© Shelley Steinle, illustrator.
A year ago I lost my purr.
At the time, I didn’t think of it that way. I was suffering the side effects of a concussion. All summer long I’d been unable to enjoy the activities that helped me feel fulfilled.
- Limited screen time, which meant little to no computer/TV/Kindle/phone usage.
- Reading was difficult because of eye strain and blur.
- I mean, really, even thinking was a chore.
What’s a writer-woman to do? Continue reading
It’s an open secret that dreams reveal our innermost worries and joys, fears and, perhaps, even our future.
So when Sue woke up last night at 3:23 a.m. feeling as if she’d just popped out of a virtual reality show, she knew what she had to do.
She waited impatiently until the bank opened at 9. Continue reading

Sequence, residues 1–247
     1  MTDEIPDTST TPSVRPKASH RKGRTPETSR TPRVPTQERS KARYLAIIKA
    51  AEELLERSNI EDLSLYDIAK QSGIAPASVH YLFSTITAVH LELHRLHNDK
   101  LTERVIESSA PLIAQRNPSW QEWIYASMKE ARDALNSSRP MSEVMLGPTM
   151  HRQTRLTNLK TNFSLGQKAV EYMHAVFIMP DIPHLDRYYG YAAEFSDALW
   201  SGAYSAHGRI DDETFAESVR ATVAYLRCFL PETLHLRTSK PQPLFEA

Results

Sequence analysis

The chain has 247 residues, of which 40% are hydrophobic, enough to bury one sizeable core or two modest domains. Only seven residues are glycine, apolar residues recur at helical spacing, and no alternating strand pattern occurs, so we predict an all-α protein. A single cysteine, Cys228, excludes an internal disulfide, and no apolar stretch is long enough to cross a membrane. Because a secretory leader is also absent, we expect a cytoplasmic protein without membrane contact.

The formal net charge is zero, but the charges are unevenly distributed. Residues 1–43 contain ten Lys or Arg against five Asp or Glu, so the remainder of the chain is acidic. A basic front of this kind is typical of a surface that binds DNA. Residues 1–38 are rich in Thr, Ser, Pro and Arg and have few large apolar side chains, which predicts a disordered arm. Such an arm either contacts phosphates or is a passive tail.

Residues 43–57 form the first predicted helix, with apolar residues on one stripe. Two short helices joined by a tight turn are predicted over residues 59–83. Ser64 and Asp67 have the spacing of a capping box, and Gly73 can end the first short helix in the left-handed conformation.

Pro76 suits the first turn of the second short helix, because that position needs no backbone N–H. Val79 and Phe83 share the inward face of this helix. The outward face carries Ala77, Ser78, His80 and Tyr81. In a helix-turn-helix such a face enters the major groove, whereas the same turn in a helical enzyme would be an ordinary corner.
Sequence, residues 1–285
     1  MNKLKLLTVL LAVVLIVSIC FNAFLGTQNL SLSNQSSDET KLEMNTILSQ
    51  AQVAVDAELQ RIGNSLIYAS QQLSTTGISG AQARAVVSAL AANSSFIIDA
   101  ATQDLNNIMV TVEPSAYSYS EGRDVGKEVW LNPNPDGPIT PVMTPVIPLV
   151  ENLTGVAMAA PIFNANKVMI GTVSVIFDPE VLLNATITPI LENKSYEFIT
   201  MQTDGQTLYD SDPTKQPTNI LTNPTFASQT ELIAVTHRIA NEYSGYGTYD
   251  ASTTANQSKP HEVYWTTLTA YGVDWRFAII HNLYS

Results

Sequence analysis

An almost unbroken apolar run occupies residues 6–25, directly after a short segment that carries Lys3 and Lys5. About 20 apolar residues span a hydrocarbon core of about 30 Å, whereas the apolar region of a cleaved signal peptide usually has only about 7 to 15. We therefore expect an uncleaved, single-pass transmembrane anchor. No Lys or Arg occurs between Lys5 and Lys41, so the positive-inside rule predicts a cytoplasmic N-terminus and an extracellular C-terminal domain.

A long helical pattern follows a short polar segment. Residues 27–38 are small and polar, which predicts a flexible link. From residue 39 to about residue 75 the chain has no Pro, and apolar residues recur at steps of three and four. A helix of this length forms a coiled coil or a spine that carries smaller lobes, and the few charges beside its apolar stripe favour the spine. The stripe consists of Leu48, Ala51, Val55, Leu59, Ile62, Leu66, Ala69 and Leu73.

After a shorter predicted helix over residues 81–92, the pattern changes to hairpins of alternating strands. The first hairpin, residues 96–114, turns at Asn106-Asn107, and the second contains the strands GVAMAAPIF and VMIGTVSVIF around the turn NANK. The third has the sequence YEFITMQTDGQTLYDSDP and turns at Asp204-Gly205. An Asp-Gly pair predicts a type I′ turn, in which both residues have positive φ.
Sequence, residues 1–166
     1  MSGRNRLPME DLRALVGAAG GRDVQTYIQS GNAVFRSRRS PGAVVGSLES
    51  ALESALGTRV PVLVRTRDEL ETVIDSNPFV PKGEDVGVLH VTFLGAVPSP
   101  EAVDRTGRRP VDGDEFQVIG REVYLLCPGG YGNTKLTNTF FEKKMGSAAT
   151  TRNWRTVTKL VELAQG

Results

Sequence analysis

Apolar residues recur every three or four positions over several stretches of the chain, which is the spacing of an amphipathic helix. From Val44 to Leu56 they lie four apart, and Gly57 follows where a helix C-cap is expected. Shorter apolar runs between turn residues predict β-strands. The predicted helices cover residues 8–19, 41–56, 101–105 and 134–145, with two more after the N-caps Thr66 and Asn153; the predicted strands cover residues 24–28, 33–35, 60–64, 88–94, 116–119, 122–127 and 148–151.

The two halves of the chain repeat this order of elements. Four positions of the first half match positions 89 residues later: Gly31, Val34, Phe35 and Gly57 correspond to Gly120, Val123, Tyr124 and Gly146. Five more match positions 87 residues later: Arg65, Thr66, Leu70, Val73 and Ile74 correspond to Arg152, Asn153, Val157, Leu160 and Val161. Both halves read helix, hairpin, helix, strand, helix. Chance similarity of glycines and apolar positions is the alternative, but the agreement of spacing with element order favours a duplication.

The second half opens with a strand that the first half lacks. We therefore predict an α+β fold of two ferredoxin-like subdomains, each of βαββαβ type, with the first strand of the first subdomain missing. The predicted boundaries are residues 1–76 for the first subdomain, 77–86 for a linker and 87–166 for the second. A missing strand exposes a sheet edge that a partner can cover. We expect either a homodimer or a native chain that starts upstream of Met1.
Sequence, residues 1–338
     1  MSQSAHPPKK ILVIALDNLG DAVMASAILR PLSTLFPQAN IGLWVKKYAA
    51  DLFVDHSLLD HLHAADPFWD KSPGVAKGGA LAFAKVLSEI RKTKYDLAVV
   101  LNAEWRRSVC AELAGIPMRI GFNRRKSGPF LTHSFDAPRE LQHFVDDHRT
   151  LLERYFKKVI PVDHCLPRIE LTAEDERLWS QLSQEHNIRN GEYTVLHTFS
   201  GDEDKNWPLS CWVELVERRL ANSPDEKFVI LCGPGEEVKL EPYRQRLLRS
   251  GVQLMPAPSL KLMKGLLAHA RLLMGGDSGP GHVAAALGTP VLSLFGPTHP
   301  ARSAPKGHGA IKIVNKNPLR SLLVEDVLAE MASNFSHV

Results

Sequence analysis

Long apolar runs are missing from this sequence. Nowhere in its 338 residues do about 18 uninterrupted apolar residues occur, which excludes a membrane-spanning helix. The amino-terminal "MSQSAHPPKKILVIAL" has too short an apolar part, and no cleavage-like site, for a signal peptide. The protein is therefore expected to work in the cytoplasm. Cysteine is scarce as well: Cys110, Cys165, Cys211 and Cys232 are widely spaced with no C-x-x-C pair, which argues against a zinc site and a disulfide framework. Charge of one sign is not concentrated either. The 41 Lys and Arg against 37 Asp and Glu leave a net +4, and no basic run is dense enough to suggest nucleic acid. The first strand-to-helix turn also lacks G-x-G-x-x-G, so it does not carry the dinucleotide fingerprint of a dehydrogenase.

IF IT DIDN’T SOUND SO CRAZY, I’D WRITE a story about a mermaid and a farmer.
IF IT DIDN’T SOUND SO CRAZY, I’D WRITE an essay on a magical moving pen.
IF IT DIDN’T SOUND SO CRAZY, I’D WRITE a book about a ghost with a moving murmur.
IF IT DIDN’T SOUND SO CRAZY, I’D WRITE a tale about a wolf and a wren who share a den. Continue reading
When the cop stops her, Janine does her best to appear calm. Unworried.
She presses the button slowly so her driver’s side window slides open as if Janine has all the time in the world.
The policeman is big, burly, and surly.
“Crap,” Janine mutters.
Janine wills her hands to not shake as she pulls her wallet out of her purse and finds the fake ID. Continue reading
We all heard the piercing ding at the same time.
Which is saying something, since over 20,000 of us – women of all sizes, shapes, colors, ages – were gathered at Boston’s Charles Street to begin the Women for Health 10K run.
Joanne elbowed me as we stood side-by-side waiting for the starting gun to go off. “Do you see what I see?” she asked, staring down at her phone. Continue reading